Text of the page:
Climate pact: The rocky road to Paris... and beyond
Diplomats crafting a global pact to defuse climate change are under no illusion that the quest will end in Paris in December.
If anything, the latest haggle to prepare for the vaunted UN summit, now just weeks away, has strengthened awareness that reining in carbon emissions is a very long-term problem indeed.
The key, say negotiators, is to enshrine measures in the accord so that, for many years to come, nations will be obliged to do more.
In climate jargon, it's called a ratcheting-up mechanism.
"This process is not going to finish in Paris," Cuba's negotiator Pedro Luis Pedroso told AFP at this week's five-day parlay in Bonn ahead of the November 30-December 11 climate summit.
"Paris will just be an extremely important stopover because it will give a signal to the future."
There is little doubt that the summit will come up with some sort of deal.
But will it be an empty shell?
Or will it provide an ambitious roadmap for achieving the UN goal of limiting warming to two degrees Celsius (3.6 degrees Fahrenheit) over pre-industrial levels?
The planet has already warmed by 0.8 C—leaving very little room for dawdling.
"What will really benefit the world's vulnerable communities is a global agreement which includes a ratchet mechanism to increase ambition and ensure we don't lock in a long period of inaction," said climate analyst Mohamed Adow of Christian Aid—which pushes poor nation agendas.
"It is probably the most important issue to be included in the Paris deal. Without a ratchet mechanism, the Paris deal will be like building a beautiful car with no engine."
Almost everyone agrees on the need to periodically review pledges and ramp them up until the 2 C goal comes into view.
But here's where they differ: Should the first review be before 2020 or thereafter? Who will conduct these stock-takes? How often? And will nations be obliged to promise ever-higher targets?
Analysts say emissions-curbing pledges from more than 150 nations so far, set the stage for a 3 C warmer world of potentially dangerous storms, drought, sea-level rise and disease spread.
The pledges, called Intended Nationally Determined Contributions or INDCs, will be a cornerstone of the Paris pact, due to enter into force in 2020.
Some nations have set five-year targets for 2025, others look longer-term to 2030.
"The climate pledges made so far are insufficient and it is therefore essential to have a mechanism for ratcheting up those pledges every five years," said Martin Kaiser of Greenpeace.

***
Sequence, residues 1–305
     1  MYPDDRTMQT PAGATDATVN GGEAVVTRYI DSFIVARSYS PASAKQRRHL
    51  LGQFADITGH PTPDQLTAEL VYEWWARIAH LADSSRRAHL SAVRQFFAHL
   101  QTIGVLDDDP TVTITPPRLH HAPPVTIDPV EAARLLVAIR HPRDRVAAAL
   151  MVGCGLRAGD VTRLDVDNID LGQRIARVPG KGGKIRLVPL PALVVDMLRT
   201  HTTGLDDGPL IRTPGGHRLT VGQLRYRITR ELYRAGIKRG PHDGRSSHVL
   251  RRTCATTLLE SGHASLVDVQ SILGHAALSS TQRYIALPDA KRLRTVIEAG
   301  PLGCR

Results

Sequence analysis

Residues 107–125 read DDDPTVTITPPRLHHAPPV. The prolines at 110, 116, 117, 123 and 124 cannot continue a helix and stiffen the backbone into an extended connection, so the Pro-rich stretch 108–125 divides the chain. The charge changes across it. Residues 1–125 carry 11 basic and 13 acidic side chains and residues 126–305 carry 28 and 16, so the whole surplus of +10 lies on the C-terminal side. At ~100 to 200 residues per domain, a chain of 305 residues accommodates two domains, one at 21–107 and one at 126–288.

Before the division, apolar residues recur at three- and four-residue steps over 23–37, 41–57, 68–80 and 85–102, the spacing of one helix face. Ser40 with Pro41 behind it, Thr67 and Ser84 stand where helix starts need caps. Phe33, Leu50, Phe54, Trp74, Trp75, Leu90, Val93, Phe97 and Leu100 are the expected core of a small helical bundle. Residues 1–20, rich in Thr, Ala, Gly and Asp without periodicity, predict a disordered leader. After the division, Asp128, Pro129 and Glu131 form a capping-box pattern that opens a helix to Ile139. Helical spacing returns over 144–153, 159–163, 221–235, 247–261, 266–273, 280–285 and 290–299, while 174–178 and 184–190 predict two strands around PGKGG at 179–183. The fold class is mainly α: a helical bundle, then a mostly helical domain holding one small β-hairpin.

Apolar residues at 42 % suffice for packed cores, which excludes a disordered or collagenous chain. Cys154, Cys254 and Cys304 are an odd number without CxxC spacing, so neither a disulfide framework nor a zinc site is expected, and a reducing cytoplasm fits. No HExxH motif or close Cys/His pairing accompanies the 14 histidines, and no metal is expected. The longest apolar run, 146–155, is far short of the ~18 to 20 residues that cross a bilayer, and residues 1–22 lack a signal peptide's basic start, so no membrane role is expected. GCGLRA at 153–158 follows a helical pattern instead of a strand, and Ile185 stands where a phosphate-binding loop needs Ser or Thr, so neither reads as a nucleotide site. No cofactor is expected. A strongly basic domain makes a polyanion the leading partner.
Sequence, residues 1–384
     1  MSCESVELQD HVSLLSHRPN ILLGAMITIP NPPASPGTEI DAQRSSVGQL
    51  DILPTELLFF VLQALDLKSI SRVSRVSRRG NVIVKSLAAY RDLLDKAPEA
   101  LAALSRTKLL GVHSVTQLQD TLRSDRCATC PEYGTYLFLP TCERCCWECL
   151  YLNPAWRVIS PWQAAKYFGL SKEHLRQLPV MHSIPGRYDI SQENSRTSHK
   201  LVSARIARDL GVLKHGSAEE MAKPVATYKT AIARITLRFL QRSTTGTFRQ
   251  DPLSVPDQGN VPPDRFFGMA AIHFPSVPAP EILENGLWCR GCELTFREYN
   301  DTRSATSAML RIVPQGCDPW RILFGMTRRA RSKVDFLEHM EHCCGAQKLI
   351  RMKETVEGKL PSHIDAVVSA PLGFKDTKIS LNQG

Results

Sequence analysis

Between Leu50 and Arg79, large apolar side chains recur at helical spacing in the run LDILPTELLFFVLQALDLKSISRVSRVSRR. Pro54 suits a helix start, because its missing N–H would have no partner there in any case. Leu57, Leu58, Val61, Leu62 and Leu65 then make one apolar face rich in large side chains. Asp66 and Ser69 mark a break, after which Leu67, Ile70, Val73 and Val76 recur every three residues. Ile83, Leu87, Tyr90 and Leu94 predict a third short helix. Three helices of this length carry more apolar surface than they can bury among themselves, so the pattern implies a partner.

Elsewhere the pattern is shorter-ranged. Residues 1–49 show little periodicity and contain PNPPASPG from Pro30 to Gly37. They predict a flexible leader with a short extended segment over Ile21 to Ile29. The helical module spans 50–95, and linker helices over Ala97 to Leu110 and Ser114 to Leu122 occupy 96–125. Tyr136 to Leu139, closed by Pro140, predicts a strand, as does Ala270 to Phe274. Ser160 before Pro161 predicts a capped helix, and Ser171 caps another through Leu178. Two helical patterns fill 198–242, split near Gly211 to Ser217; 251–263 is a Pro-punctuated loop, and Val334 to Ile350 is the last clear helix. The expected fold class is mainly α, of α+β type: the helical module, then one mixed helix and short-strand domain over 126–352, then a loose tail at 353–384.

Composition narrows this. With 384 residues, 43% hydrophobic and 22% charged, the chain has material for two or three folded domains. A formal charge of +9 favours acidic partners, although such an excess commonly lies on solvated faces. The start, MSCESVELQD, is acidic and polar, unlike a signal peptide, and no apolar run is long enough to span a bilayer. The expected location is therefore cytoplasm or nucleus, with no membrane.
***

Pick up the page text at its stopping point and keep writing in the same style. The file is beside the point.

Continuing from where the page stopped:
"They cannot be allowed to stand as they are for the next 10 to 15 years. That is a recipe for further destruction and human misery."
Show us the money
Part of the problem is fear of failure—negotiators are keen to avoid a repeat of the 2009 UN climate conference in Copenhagen which didn't even come close to sealing a global deal.
Instead of a top-down approach of apportioning emissions targets, it opened the way to a bottom-up approach: nations would set their own emissions-cutting targets and timelines.
The resulting effort is for now insufficient, but the window for improvement remains open—if only slightly.
The UN's climate science panel says greenhouse gas emissions have to drop 40-70 percent between 2010 and 2050, and to zero by 2100.
But the same issues holding up progress in drafting the first truly global climate agreement also split nations on the review mechanism.
Developing nations want to make it conditional on rich countries providing hundreds of billions of dollars to help them switch from fossil fuels to renewable energy to power growing populations and economies.
"It will be very much dependent on how the international community devises means and ways to give those less advantaged the capability and the possibility to move forward without compromising on their development needs, without compromising on the need to eradicate poverty," said Pedroso.
Many hope the battle lines will fade as new low-carbon technologies are developed, and costs come down.
"This is about a process," UN climate chief Christiana Figueres said this week as negotiators bickered in Bonn.
"This is not about getting to the two degrees on the 12th of December, 2015."
© 2015 AFP